If you haven’t been to Sackville’s Live Bait Theatre recently, now’s the time to reacquaint yourself with this reinvigorated professional theatre company by coming out to their current production of Have you ever been to Bombay, a hilarious situation comedy by maritime playwrights Elizabeth Goodyear, Jenny Munday and Ilkay Silk. The play runs until Aug. 18 in the Tantramar Regional High School auditorium from Tuesday to Saturday at 8 p.m., with 2 p.m. matinees on Saturday and Sunday.
This play is about two very different women who get themselves accidently locked in a library overnight and spend the next eight hours learning to cope with each other’s habits.
The first woman, Amy Shore (played with great physicality by Mary Fay Coady) is a sort of would-be hipster trying to hang on to her fashion fantasies. The older woman, Lynn Parker (whom Ann Doyle creates with gentle intensity), is a mature student serious about completing her English degree she set aside years ago in order to raise a family. Like oil and water, these two don’t seem to mix at first, but through the surprisingly many adventures one can have in a library overnight, these two women find friendship. This simple premise allows the creativity of this clever script, as well as the talents of the cast and crew, to shine through and create a wonderful evening of theatre.
Having lost their beautiful theatre last year, Live Bait is producing this play in the jewel-box stage at Tantramar Regional High School. The stage is a bit cramped, but the setting and lights, designed by Mount Allison drama student Ricky Buchanan, make the most of it by adding to the sense that these two women can’t escape each other. Occasionally, the larger furniture at the front of the scene blocked some of the action when the characters were upstage, but this was fairly minor. The fascinating oversized clock on the back wall signalled to the audience the passage of time between scenes.
The costumes and sound design, also created by Mount Allison drama students Kendrick Haunt, a Campbell-Verduyn Theatre intern, and Crystal Chettiar, were effective and fun.
All this creativity has been pulled together smoothly by the new artistic director of the company, Lee J. Campbell, who also directed the production.
Campbell worries in his program note that this play may feel like a period piece because it was first created 26 years ago. There is no need. The play hinges on the women’s inability to contact the “outside.” Watching it I felt a refreshing sense of nostalgia for a time before the omnipresence of cell phones and other gadgets invaded all our spaces. This was a perfect choice for Live Bait’s second summer offering: small cast, simple production, clever and clear script with warm humour and just enough bittersweet to take the edge off. Perfect summer theatre!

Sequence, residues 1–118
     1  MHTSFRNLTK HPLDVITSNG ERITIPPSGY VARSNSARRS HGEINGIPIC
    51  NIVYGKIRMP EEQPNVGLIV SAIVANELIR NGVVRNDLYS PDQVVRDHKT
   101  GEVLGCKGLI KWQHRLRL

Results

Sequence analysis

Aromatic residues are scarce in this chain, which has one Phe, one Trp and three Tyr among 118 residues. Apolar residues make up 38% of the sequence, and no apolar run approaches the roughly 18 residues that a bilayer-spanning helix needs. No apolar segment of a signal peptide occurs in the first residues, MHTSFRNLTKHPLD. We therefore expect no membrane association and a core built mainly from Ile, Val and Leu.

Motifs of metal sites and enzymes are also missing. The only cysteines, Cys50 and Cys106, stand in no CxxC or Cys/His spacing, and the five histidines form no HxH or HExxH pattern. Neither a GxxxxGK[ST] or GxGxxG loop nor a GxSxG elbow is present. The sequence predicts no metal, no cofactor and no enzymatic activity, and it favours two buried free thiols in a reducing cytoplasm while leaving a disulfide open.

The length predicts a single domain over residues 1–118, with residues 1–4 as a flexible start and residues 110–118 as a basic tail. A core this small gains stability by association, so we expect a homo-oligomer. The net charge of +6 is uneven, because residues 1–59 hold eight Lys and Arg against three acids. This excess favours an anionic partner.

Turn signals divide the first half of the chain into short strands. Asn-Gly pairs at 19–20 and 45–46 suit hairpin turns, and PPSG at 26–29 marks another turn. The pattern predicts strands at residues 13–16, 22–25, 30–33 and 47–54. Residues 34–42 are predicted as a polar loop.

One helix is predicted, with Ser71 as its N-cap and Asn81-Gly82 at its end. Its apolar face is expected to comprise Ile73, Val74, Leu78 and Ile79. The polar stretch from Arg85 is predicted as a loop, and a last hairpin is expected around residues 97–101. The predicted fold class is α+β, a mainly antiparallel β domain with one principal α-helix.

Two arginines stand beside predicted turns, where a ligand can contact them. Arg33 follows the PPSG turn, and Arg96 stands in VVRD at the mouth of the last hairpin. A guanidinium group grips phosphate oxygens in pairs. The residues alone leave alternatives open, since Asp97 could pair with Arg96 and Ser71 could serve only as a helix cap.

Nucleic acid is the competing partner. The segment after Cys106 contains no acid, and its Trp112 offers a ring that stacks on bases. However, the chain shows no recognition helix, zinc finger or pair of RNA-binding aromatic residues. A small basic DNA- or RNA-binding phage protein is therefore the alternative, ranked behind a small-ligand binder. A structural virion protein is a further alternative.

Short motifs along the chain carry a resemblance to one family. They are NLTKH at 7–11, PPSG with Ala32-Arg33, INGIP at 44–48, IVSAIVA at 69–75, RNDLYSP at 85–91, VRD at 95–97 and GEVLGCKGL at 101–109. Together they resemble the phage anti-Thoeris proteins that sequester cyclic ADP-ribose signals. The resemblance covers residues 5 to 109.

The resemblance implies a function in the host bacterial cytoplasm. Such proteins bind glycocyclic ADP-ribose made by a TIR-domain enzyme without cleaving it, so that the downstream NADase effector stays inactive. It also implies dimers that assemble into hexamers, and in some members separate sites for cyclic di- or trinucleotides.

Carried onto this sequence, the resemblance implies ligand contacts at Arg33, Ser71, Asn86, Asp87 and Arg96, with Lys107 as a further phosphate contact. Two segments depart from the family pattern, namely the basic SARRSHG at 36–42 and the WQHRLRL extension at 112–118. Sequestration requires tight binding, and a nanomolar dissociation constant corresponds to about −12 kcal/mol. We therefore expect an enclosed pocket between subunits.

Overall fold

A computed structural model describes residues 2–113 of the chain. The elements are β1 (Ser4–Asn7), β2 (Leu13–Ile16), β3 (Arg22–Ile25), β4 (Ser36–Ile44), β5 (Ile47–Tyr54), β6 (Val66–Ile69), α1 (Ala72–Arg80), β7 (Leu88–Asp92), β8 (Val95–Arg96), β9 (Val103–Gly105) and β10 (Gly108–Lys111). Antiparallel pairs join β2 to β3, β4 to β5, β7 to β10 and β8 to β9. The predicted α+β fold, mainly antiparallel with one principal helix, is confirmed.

While wonderfully simple in many ways, this intriguing play also takes some provocative risks with the audience. The first is the long blackout at the beginning when the lights go out in the “library” and the women have to find each other in the dark (it is never really explained how or why some lights then come on again, apparently only in this one room, but it’s a comedy after all).
The second situation is when the women go off together into the darkened rest of the library to find a telephone and the stage is left empty while the audience listens to their conversation coming from the wings. In both cases these risks, like radio plays, brilliantly engage the audience to imagine the characters’ actions. Everyone’s attention around me was glued intently to the stage, which then carried over to the rest of the scenes. Just like the characters, the audience has been put slightly off balance. We have to shift our attention from our eyes to our ears and that builds our complicity with the characters’ situation, drawing us in to their world even more.
Having only the two characters onstage the entire play is a difficult challenge well met by the two actors.
Although at curtain the energy seemed a bit uneven, with Doyle struggling a bit to match Coady’s slightly overwhelming physical work. However, well before intermission, this evened out and both actors were clearly in tune with each other’s work. Indeed, one of the biggest joys was watching the give and take between the two. The make-up scene where Amy fixes up Lynn’s appearance is a brilliant example of two actors creating exciting stage moments as a unit. Another particularly memorable scene (of many) is the “breakfast” list: bacon and eggs have never sounded so sexy!
Like these two women, Live Bait Theatre has struggled a bit recently with where they are and who they are. However, if this production, with its smart choice of text and strong acting and production values marks the company’s new beginning, then Sackville is in for a future of excellent professional theatre. But this can only happen if they have strong audiences. This is good theatre and worth seeing: don’t miss it!
Glen Nichols is the director of drama at Mount Allison University.